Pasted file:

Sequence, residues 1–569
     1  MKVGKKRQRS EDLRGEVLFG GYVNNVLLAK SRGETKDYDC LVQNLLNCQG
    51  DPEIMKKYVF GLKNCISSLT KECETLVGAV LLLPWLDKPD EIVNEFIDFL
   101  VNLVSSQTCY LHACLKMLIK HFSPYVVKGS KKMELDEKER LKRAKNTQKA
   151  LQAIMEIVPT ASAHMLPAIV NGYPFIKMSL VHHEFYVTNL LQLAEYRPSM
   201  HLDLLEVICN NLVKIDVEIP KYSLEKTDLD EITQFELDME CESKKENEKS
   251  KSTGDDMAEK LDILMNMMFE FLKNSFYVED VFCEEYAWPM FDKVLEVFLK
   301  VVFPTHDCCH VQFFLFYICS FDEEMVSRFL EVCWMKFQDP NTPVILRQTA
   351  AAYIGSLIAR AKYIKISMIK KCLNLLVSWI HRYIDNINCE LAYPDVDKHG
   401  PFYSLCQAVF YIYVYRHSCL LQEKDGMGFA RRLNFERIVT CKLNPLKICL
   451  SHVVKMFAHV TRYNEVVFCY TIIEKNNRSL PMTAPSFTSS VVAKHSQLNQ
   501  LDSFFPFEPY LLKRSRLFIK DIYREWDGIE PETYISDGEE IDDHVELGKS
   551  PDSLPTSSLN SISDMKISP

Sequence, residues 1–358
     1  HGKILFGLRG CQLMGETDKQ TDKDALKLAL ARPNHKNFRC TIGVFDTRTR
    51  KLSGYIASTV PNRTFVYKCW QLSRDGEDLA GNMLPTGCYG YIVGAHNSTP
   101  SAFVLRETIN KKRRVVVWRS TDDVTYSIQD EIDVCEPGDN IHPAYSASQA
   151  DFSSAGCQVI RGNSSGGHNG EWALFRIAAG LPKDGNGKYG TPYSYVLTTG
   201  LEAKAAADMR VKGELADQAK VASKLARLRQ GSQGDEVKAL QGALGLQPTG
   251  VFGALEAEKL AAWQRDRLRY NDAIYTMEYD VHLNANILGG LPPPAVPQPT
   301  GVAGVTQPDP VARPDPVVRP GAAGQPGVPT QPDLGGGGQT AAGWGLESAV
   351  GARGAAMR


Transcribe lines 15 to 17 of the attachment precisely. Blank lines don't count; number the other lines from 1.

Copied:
     1  HGKILFGLRG CQLMGETDKQ TDKDALKLAL ARPNHKNFRC TIGVFDTRTR
    51  KLSGYIASTV PNRTFVYKCW QLSRDGEDLA GNMLPTGCYG YIVGAHNSTP
   101  SAFVLRETIN KKRRVVVWRS TDDVTYSIQD EIDVCEPGDN IHPAYSASQA